And there is often some morsel of truth even in his harshest comments. At one point in A Book of Prefaces he describes Ohio-born writer and critic William Dean Howells, a powerful literary arbiter who became known as “the Dean of American Letters,” as “kittenish.” There is some substance here. Howells was a good man, a good writer and an important critic—he played a vital role in the maturing of American letters—but there was a streak of timidity in him, a wariness about a literary realism that moved too far away from what Howells called “the smiling aspects of life.” I would also have to say, after reading one of the knuckleheaded anonymous early reviews of Sherwood Anderson’s Winesburg, Ohio, that Mencken has a point about the general approach of some reviewers in his time, regardless of gender. The often-blinkered reactions of critics to groundbreaking American writing vexed Mencken greatly. Philistines and censors had no place in his world.
Dreiser still comes in for plenty of praise from Mencken, and I was impressed that Mencken gives so much time and attention to Dreiser’s travel book A Hoosier Holiday, which is about an automobile trip Dreiser made to Indiana in 1915. I read A Hoosier Holiday several years ago, greatly enjoyed it and look forward to writing about it here on Buckeyemuse. “I know, indeed, of no book which better describes the American hinterland,” wrote Mencken about A Hoosier Holiday in A Book of Prefaces. The concluding essay is on what Mencken believes is the baneful influence of Puritanism in American life and culture, and attacks on the Puritanical strain appear in the other essays in the volume.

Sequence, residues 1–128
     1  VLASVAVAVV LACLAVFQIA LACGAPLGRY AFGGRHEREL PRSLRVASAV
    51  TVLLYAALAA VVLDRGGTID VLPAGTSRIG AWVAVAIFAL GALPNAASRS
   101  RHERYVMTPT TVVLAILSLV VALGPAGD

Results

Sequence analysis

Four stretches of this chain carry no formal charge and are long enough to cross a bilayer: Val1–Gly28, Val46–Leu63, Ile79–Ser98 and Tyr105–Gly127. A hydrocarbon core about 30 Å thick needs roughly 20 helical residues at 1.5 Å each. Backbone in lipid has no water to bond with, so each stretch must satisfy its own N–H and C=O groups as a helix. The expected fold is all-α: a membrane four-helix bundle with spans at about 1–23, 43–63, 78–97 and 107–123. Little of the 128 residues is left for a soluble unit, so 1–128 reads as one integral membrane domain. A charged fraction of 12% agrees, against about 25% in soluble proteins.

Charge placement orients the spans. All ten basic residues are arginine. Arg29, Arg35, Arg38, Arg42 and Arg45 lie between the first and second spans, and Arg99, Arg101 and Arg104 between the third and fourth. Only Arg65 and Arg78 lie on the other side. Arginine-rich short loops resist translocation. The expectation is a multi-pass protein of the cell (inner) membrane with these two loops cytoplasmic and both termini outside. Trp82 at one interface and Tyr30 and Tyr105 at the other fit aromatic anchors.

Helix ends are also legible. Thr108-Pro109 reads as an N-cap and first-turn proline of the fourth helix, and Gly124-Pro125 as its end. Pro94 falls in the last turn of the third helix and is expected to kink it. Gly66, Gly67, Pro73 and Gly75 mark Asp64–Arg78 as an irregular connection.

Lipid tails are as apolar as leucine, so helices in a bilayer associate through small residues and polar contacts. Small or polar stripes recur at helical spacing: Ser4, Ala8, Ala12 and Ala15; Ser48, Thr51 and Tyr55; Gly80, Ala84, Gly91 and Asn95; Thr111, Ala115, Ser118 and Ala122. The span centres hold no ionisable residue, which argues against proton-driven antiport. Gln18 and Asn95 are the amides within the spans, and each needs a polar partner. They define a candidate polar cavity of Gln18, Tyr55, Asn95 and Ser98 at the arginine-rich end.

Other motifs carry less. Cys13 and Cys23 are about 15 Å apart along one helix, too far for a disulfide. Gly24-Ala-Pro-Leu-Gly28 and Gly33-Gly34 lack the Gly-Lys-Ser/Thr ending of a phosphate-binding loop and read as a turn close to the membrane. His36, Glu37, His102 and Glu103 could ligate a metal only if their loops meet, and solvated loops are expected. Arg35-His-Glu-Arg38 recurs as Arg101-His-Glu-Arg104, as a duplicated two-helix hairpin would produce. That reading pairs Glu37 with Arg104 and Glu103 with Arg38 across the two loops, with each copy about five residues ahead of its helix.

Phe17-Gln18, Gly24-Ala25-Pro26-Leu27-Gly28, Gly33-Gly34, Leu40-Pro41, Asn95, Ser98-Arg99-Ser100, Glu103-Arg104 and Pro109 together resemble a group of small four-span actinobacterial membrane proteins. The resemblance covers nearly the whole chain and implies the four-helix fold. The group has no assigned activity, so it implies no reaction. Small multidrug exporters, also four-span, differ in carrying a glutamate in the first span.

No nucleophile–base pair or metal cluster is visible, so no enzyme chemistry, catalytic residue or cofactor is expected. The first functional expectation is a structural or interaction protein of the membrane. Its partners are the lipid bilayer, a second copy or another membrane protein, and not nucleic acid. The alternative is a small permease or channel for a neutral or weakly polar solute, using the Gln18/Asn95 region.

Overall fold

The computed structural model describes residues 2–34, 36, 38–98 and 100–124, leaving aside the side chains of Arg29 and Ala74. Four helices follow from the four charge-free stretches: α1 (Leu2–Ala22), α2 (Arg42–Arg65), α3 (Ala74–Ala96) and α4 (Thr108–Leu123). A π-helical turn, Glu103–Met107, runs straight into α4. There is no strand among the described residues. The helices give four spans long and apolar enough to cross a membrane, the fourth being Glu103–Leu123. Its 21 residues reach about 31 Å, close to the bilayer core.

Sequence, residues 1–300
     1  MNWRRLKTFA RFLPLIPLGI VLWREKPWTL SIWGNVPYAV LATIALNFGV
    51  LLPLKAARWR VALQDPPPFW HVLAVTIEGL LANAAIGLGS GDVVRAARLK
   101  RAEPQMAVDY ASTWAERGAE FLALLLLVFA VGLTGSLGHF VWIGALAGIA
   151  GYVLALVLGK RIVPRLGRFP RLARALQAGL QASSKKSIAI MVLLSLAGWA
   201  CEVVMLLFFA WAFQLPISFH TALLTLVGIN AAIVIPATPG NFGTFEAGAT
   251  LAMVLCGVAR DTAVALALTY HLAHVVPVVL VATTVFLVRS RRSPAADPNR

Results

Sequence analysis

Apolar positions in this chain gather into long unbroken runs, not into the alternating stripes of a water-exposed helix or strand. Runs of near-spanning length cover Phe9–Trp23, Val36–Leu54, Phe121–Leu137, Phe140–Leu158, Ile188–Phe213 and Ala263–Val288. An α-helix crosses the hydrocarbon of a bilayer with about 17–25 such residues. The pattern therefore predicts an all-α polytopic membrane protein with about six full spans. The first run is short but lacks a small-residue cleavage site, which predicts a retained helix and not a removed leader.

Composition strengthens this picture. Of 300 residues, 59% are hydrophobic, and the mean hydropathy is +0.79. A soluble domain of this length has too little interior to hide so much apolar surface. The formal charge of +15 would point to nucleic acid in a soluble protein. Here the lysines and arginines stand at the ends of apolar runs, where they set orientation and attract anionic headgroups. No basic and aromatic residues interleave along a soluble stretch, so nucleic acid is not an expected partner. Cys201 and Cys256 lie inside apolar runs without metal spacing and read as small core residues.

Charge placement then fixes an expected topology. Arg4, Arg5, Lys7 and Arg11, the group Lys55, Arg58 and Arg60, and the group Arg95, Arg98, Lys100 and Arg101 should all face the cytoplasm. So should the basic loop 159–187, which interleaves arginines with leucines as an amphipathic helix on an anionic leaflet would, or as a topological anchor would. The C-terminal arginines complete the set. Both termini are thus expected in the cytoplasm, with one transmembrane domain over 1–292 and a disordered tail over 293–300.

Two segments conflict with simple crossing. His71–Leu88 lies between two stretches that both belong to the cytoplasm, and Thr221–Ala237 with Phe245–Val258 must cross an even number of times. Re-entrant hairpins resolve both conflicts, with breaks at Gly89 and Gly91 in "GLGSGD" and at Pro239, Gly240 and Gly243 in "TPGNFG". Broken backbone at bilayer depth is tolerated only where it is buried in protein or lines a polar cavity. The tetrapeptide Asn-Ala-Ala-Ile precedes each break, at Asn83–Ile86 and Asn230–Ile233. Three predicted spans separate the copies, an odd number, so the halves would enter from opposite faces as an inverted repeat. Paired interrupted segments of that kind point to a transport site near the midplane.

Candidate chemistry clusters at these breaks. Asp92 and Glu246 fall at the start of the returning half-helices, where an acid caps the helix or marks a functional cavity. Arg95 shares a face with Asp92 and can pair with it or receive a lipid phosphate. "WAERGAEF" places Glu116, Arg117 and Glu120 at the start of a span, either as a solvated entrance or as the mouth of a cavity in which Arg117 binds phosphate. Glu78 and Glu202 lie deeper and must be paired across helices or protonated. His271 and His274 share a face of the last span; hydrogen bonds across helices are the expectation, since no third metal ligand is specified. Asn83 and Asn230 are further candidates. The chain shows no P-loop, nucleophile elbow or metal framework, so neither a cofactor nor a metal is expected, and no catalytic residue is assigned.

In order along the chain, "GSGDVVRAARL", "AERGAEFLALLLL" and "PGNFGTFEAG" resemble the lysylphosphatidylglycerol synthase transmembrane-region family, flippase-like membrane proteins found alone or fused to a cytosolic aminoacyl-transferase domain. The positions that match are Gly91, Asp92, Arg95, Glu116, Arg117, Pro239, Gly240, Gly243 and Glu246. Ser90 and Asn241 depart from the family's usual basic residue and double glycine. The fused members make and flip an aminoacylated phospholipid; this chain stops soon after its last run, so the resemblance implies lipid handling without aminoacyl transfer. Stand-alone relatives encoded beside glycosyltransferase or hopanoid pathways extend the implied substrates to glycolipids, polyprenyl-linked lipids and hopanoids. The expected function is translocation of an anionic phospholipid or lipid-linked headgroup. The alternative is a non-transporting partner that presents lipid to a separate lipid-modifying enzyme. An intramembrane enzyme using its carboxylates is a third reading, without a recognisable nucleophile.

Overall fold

One of the most renowned poets of the early to mid twentieth century saw her first book published in 1917: Renascence and Other Poems by Edna St. Vincent Millay. She showed promise as a poet early on and saw some of her first poems published in the famous magazine for young people called St. Nicholas. “Renascence,” the title poem, appeared in a poetry anthology called The Lyric Year in 1912.
Millay had grown up in poverty and likely wouldn’t have gone to college, but her poetic talent attracted the attention of a family friend, a woman named Caroline Dow who worked for the YWCA. She helped finance Millay’s education, and Millay graduated from Vassar in 1917, the same year Renascence and Other Poems appeared.